FOCUS ON FAKE NEWS | Watch: Sen. Grace Poe’s opening, closing statements at Senate inquiry

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Sen. Grace Poe presides at the first hearing on fake news of the Committee on Public Information. PHILSTAR PHOTO BY GEREMY PINTOLO

MANILA – (UPDATED, 4:32 p.m) Sen. Grace Poe concluded the first hearing Wednesday by her Public Information committee on so-called “fake news” by saying “disinformation should not have a place in our society” but at the same time, freedom of speech should not be curtailed.

She suspended the inquiry to allow for the holding of at least one more hearing where, she hoped, blogger Cocoy Dayao – tagged by some quarters as the man responsible for the #SilentNoMore blog – would appear and explain his side. All invitees except Dayao had appeared at the Senate.

The #SilentNoMore recently attacked seven majority senators over a Senate resolution condemning extra-judicial killings, especially of minors. This sparked a backlash from senators, led by Majority Leader Vicente Sotto III, who said their were libeled on the basis of a wrong assertion. They said they did not refuse to sign the resolution but were never shown it or asked to sign it.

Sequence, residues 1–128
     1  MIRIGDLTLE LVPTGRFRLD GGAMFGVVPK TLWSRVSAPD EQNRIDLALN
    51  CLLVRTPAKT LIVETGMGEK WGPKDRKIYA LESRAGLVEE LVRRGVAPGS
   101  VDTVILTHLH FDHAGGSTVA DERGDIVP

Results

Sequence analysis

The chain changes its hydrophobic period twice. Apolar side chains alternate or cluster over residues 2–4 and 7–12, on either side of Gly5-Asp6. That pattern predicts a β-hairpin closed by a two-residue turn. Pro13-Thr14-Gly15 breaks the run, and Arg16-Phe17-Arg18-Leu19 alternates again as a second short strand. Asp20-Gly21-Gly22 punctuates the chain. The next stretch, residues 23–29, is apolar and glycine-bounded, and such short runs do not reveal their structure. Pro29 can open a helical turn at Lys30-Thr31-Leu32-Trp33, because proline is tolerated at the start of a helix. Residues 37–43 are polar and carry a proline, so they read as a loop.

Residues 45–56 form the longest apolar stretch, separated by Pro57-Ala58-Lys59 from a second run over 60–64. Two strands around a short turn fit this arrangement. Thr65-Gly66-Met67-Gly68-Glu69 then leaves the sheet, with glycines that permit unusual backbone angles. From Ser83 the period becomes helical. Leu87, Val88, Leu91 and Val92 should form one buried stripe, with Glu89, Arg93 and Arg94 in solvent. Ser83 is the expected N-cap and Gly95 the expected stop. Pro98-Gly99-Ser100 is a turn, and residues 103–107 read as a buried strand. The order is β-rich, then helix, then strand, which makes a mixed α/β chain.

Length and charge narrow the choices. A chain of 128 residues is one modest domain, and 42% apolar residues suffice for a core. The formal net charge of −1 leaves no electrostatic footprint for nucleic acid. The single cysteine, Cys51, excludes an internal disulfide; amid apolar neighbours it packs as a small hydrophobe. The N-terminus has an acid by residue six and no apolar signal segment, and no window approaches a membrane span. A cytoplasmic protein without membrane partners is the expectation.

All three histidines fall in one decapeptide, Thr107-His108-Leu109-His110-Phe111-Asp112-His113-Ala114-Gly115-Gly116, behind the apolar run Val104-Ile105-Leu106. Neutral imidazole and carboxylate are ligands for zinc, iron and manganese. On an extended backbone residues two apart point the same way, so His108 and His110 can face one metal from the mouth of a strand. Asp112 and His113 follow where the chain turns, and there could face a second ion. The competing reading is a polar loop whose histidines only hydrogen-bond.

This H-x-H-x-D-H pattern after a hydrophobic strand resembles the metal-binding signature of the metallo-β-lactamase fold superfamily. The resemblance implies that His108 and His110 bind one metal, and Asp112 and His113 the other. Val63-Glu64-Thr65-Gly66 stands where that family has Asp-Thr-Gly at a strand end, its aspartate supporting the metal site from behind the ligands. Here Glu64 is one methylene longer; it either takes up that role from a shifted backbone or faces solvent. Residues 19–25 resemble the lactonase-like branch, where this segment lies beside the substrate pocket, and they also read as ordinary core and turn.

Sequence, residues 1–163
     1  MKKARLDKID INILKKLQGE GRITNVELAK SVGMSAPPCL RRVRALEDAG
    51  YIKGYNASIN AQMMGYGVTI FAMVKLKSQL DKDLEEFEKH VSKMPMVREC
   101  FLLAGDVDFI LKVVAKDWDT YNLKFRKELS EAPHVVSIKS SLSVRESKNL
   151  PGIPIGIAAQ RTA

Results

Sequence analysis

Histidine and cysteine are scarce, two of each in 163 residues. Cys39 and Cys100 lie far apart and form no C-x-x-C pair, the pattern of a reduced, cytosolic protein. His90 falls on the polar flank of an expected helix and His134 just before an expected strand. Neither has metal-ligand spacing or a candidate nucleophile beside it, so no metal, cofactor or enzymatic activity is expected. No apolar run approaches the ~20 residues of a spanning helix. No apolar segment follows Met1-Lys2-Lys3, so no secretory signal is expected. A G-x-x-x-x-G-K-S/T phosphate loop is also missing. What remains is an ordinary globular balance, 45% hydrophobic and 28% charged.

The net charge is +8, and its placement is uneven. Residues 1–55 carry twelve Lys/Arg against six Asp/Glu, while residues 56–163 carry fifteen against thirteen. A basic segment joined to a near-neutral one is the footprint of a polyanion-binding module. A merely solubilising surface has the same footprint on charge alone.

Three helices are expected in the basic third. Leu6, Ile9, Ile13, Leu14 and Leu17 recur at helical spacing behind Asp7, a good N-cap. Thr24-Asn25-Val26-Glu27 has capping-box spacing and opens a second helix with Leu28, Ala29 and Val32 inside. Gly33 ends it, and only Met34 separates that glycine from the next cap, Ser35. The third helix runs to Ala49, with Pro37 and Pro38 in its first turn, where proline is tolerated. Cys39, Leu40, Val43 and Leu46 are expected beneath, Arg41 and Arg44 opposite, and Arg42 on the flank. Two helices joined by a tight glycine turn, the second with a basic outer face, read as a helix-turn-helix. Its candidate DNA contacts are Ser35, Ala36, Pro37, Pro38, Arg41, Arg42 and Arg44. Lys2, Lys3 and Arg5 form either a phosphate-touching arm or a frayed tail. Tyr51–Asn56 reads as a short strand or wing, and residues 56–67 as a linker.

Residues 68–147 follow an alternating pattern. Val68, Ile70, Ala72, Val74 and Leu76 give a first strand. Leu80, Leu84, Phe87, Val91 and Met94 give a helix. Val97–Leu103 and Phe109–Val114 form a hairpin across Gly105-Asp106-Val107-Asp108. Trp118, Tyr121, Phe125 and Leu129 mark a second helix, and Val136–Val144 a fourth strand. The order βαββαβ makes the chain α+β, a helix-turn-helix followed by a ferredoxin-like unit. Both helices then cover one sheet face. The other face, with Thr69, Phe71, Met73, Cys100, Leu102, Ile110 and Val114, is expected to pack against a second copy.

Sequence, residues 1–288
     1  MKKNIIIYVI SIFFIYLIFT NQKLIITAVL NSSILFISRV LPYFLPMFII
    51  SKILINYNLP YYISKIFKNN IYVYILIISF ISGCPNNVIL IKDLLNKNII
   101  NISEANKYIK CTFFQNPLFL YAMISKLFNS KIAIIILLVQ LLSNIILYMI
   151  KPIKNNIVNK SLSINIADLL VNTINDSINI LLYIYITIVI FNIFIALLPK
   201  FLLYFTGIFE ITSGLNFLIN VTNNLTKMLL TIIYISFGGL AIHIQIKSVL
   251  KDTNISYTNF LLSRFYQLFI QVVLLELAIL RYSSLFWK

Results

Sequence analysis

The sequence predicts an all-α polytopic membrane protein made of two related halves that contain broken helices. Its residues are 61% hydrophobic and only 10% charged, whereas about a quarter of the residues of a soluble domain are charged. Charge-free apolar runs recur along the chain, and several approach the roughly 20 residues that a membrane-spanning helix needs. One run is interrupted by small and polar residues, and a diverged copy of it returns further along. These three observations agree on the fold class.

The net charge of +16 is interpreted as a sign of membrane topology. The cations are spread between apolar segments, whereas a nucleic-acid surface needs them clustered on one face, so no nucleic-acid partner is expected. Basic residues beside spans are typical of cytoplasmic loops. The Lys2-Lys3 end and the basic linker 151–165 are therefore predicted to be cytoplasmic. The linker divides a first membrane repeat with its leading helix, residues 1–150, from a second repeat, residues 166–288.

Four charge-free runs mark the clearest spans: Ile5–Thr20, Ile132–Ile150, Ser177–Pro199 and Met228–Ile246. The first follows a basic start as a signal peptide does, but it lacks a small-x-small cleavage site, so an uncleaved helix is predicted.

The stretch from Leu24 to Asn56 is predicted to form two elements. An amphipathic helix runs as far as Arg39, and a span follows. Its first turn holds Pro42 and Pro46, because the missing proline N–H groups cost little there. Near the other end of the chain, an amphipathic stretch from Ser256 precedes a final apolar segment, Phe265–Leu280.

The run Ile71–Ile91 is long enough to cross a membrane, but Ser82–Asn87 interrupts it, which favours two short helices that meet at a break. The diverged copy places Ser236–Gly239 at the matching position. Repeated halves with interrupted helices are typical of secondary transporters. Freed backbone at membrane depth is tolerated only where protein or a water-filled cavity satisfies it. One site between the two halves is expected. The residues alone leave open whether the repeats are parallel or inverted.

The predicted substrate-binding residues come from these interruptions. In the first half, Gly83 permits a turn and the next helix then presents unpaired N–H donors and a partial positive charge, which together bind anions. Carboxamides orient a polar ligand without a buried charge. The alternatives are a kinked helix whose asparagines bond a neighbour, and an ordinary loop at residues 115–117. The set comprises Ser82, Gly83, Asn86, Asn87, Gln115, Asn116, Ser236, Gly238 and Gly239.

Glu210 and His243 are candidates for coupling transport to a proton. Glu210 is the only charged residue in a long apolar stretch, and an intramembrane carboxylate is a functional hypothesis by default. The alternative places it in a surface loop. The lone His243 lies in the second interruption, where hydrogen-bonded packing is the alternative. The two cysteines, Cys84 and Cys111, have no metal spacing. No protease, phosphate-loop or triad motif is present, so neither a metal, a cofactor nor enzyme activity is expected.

Below is Poe’s opening statement setting the tone for an inquiry seen tackling a lot of uncharted territory and novel issues on freedom of expression, the right to know and the media:

This meeting of Public Information shall now come to order.

I am sure that many of us begin the day the same way and end it: by checking our Twitter, Instagram, and Facebook accounts.

We check our FB text notifications before we check on our loved ones. And at night, instead of sharing stories over dinner, we share jokes on the family Viber group.

If these have become our daily routine, then most likely we’ve been waking up to and going to bed with news, some fake, mostly real, I think.

Someone once said that if it’s fake, it isn’t news—it’s propaganda, misrepresentation, misinformation, or to put it more bluntly, outright lies. So I think that first, we should differentiate news from opinion.

The term “news” is defined as a “report of recent events”. Opinion, on the other hand, is a “view or judgment formed about something that is not necessarily based on fact or knowledge.”